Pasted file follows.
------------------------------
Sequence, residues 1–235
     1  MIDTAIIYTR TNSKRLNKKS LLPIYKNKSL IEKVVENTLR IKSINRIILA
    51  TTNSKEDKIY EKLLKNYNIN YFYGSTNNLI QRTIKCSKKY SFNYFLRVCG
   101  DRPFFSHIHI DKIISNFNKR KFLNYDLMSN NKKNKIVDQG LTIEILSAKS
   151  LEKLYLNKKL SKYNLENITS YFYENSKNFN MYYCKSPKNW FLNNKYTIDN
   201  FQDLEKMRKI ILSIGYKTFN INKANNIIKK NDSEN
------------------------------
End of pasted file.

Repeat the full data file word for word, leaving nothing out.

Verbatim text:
Sequence, residues 1–235
     1  MIDTAIIYTR TNSKRLNKKS LLPIYKNKSL IEKVVENTLR IKSINRIILA
    51  TTNSKEDKIY EKLLKNYNIN YFYGSTNNLI QRTIKCSKKY SFNYFLRVCG
   101  DRPFFSHIHI DKIISNFNKR KFLNYDLMSN NKKNKIVDQG LTIEILSAKS
   151  LEKLYLNKKL SKYNLENITS YFYENSKNFN MYYCKSPKNW FLNNKYTIDN
   201  FQDLEKMRKI ILSIGYKTFN INKANNIIKK NDSEN